I never should have taken the job.
The bitch, I thought. I never should have taken the job. Next time, go with your gut, Alicia, I said to myself.
WHITE OAKS BY JULIE ZUCKERMAN 34THPARALLEL MAGAZINE ISSUE 12
The Burkette’s yard was a mangled mess of spruce trees, half-dead Broadmoor junipers, and white oaks that hadn’t had a haircut in a decade. A “pssshhh” sound escaped my lips, and I had to stop myself from glowering before I turned around and faced Mrs Burkette. She stood back a few paces, her pale hands fumbling nervously at the sides of her skirt, waiting for me to react.
“When’s the last time you-all had a gardener out here?” I asked, trying to keep my tone neutral. My gut was telling me not to take the job, but my brain was reminding me that college bills were right around the corner.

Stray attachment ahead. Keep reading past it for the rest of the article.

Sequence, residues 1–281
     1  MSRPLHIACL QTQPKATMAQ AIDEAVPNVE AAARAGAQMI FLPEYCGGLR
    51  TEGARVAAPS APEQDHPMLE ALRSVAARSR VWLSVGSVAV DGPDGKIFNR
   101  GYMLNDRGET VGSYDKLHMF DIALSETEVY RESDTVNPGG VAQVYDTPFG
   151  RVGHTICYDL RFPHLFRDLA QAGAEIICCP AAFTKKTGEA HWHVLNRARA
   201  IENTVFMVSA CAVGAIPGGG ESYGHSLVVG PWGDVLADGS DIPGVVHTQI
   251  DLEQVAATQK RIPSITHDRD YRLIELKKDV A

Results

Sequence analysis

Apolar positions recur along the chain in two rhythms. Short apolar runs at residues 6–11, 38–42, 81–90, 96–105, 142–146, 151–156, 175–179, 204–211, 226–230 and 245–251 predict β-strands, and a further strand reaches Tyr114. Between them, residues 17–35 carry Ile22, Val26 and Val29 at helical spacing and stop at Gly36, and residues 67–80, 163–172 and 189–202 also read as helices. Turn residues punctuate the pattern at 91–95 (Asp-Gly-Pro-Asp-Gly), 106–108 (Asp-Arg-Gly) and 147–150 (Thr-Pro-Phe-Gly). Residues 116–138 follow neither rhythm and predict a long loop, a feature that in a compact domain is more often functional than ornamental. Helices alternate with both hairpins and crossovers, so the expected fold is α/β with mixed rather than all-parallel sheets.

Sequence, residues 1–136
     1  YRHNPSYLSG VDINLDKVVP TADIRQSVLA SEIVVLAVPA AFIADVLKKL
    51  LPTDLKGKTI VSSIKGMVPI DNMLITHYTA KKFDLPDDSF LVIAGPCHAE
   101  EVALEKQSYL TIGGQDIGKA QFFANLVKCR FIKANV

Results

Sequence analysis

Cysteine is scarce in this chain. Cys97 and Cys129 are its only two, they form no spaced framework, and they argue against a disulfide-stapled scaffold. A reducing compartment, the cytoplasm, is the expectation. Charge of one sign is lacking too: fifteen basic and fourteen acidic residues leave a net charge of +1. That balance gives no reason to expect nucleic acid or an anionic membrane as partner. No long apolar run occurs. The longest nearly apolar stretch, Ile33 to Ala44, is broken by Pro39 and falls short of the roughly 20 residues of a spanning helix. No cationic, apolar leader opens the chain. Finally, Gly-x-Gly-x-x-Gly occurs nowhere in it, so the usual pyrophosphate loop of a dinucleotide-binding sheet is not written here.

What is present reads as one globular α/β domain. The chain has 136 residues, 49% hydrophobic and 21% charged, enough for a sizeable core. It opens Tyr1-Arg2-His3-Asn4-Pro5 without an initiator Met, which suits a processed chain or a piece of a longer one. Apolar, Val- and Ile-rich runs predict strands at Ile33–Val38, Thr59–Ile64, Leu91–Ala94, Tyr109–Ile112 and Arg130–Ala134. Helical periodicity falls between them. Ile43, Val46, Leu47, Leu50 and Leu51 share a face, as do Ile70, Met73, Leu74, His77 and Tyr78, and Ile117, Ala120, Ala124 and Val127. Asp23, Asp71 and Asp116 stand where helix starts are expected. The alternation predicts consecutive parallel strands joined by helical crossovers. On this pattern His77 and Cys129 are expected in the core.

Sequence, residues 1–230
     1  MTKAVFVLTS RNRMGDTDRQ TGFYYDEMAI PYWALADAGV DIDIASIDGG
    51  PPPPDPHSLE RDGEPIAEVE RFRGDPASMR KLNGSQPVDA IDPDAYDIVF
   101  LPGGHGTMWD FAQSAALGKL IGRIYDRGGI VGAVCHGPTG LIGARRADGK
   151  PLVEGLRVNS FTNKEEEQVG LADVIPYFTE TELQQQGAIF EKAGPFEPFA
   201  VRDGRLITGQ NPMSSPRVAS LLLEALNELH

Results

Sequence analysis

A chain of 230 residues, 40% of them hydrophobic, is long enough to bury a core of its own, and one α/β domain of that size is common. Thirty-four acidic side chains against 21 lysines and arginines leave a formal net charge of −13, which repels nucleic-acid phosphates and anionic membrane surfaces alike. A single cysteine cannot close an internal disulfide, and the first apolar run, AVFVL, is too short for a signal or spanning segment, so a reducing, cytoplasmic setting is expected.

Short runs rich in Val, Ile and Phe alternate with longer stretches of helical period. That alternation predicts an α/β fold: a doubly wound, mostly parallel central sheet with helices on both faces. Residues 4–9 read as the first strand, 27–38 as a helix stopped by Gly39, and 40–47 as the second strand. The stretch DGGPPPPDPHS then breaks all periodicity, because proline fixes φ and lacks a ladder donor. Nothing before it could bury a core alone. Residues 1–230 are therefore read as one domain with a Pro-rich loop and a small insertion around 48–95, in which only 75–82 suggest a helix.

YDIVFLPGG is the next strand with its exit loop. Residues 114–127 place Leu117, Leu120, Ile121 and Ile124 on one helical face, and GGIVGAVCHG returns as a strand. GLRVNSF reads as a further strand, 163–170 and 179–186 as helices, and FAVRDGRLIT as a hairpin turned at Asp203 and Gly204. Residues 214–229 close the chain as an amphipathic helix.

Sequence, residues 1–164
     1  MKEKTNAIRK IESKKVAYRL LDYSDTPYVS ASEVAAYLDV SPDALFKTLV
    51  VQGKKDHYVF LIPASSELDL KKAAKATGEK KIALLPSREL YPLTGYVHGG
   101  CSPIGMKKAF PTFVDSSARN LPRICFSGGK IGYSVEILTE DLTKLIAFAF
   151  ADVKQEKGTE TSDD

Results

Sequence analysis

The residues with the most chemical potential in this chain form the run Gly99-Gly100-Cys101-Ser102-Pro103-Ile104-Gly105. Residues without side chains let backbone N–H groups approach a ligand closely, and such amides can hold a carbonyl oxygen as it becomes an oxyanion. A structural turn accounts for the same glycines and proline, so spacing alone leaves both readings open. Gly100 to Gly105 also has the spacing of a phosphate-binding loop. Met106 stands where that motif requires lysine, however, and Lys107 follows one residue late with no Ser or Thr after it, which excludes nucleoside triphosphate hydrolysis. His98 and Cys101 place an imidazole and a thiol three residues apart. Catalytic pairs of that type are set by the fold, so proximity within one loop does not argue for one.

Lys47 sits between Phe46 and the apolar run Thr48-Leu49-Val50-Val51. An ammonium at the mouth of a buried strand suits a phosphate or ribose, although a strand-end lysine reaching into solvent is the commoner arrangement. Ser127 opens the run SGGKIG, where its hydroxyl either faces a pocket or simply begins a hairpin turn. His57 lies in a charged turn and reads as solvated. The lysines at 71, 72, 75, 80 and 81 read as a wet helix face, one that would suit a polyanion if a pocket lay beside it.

“Oh, I don’t know. Maybe six months or so,” she replied. Either she was a complete idiot, or she thought I was. I arched my eyebrows and looked her straight in the eye—something my mother and grandmother would have never done to a w…